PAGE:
APRA is releasing final prudential requirements and guidance for recovery and resolution planning. This includes:
Prudential Practice Guide CPG 190 Recovery and Exit Planning (CPG 190);1
Prudential Standard CPS 900 Resolution Planning (CPS 900); and
Prudential Practice Guide CPG 900 Resolution Planning (CPG 900).
As demonstrated by recent events at overseas banks, the importance of crisis preparedness to a safe and stable financial system cannot be understated. In the last few years APRA has taken significant steps to strengthen crisis preparedness across the banking, insurance and superannuation sectors. The finalisation of this package is an important milestone in APRA’s efforts to ensure that the financial system is better prepared to manage periods of stress. There are several key components of crisis management, as summarised in the graphic below.
Purpose of recovery and resolution planning
APRA’s recovery and exit planning requirements aim to ensure that, in times of stress, entities can rebuild their financial resilience or exit regulated activity before they become non-viable. In the event an entity becomes non-viable, APRA would resolve the entity to protect beneficiaries, minimise disruption to the financial system, and provide continuity of critical functions.
In recent years, APRA has enhanced its resolution planning and readiness. CPS 900 is an important part of this. It will require significant financial institutions (SFIs) and non-SFIs that provide critical functions to support APRA in developing bespoke resolution plans, where specific pre-positioning is needed ahead of time to ensure an orderly resolution. The graphic below summarises recovery and resolution planning, and the distinction between them.
This letter sets out APRA’s response to specific issues raised by stakeholders in the 2022 consultation on new requirements and guidance. Feedback on recovery and exit planning is summarised in Annex A (CPG 190); issues raised in relation to resolution planning are summarised in Annex B (CPS 900 and CPG 900).
Recovery and exit planning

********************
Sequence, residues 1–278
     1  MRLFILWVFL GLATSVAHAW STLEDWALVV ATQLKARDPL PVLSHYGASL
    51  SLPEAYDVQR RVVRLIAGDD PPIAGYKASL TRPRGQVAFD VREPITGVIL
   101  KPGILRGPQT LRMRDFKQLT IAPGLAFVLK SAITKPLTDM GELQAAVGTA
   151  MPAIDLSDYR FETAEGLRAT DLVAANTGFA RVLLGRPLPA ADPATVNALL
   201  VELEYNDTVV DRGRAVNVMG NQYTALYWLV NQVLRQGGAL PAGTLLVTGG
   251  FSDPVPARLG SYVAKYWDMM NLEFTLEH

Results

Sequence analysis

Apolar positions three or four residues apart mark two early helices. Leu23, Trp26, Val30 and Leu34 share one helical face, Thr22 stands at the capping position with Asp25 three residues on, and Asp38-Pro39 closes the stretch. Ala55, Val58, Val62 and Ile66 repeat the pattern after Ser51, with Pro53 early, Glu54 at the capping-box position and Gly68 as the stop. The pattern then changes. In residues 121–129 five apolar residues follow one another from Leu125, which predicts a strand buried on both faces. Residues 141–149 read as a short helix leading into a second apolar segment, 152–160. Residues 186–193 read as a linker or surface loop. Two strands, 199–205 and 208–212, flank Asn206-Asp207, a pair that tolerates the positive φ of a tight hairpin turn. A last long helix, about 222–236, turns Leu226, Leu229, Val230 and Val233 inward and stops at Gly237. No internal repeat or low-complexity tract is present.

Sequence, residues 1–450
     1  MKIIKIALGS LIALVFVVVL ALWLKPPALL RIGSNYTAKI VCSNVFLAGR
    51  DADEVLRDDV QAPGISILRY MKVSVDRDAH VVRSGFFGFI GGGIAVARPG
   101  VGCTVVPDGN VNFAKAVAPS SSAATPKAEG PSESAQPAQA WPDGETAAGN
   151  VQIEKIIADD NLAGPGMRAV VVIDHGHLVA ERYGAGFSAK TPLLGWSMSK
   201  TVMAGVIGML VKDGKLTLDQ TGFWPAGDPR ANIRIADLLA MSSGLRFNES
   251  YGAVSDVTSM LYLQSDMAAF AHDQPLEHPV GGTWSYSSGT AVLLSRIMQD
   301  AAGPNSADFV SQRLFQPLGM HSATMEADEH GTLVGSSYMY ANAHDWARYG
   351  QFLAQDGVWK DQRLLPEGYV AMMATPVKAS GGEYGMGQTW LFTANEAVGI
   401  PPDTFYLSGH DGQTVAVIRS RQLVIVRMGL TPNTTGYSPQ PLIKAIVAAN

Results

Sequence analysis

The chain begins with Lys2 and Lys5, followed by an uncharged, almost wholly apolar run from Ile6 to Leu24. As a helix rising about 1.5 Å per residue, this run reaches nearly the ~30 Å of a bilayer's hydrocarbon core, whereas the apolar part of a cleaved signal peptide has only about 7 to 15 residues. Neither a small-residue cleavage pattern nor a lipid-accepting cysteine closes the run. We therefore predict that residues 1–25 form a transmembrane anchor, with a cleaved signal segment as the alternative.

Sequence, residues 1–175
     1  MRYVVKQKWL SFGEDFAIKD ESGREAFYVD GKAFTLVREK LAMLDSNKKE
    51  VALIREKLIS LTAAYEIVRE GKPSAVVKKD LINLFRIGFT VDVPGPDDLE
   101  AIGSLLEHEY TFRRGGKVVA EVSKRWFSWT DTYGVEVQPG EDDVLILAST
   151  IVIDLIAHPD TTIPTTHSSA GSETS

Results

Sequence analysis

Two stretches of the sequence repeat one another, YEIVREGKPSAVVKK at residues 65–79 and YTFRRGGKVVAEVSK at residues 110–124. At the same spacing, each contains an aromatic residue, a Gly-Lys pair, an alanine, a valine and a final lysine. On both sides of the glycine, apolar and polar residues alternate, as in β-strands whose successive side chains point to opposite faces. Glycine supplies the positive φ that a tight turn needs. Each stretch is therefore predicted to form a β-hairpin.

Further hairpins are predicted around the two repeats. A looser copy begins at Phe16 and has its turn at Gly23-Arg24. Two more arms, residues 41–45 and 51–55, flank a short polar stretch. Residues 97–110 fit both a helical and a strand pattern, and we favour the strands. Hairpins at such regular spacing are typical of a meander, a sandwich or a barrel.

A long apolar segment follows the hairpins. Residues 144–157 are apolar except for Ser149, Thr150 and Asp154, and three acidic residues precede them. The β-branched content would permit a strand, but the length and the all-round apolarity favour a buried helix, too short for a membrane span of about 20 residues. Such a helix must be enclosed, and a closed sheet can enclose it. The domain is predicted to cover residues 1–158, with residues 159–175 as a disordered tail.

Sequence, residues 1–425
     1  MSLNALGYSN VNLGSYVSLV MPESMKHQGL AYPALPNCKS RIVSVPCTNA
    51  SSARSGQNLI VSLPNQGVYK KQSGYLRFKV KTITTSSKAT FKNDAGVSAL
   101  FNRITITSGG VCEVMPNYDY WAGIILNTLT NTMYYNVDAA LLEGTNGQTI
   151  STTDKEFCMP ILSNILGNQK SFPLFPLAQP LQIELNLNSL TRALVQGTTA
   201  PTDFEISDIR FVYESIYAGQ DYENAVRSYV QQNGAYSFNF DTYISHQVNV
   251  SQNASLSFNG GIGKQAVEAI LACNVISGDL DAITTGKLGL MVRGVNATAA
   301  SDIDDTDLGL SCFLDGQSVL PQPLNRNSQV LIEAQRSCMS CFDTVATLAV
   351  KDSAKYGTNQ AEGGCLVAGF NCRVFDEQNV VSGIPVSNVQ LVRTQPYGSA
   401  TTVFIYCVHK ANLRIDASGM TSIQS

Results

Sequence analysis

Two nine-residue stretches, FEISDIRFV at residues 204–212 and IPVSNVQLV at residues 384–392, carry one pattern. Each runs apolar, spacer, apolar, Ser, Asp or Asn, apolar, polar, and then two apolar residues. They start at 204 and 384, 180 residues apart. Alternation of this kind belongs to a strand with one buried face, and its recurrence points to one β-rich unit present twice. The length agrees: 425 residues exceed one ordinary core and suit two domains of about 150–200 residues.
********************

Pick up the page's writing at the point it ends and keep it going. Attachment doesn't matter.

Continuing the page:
In 2022, APRA consulted on a new prudential standard and associated guidance for recovery and exit planning. CPS 190 was finalised in December 2022.2 APRA is now finalising the accompanying guidance, without material revision to the draft proposals.
APRA’s recovery and exit planning requirements and guidance aim to reduce the likelihood of an entity becoming non-viable, by ensuring that regulated entities are better prepared for managing stress. It requires entities to develop and maintain credible plans that set out how they would restore their financial resilience (‘recovery’) or exit regulated activity in an orderly manner (‘exit’) before becoming non-viable.
Most banks and insurers have been familiar with recovery planning for some time. Over recent years, APRA supervisors have worked with these entities to strengthen their planning capabilities, including through several thematic reviews. The finalisation of guidance will assist banks and insurers in closing gaps to the new requirements under CPS 190, such as determining recovery capacity.
For RSE licensees, APRA is progressing several related reforms, which aim to reinforce the objectives of CPS 190. This includes proposed requirements for transfer planning and financial resources for risk events.3 APRA has provided RSE licensees with a transition timeline for implementing CPS 190 to assist the industry in implementing reforms holistically. APRA will consider whether further guidance is needed as related reforms for superannuation are finalised, and will be engaging closely with RSE licensees through supervision.
CPS 900 supports APRA in executing its resolution function. It introduces new requirements for entities to support APRA in the development and maintenance of bespoke resolution plans. Under CPS 900, entities would be required to implement specific pre-positioning actions and maintain capabilities to support their orderly resolution, where appropriate. CPS 900 is a unique standard, in that it would only apply to an entity where an orderly resolution may be challenging without bespoke planning.
The finalisation of the new requirements for resolution planning follows consultation in 2022. APRA initially received substantive feedback on CPS 900, with entities generally unfamiliar with how resolution planning would occur in practice. Since then, APRA has issued guidance to assist entities in better understanding bespoke resolution planning and the intent of CPS 900. As this prudential standard will apply on an entity-by-entity basis, APRA will also engage closely with entities during implementation. APRA intends to provide periodic public updates on its resolution planning priorities, to build broader awareness.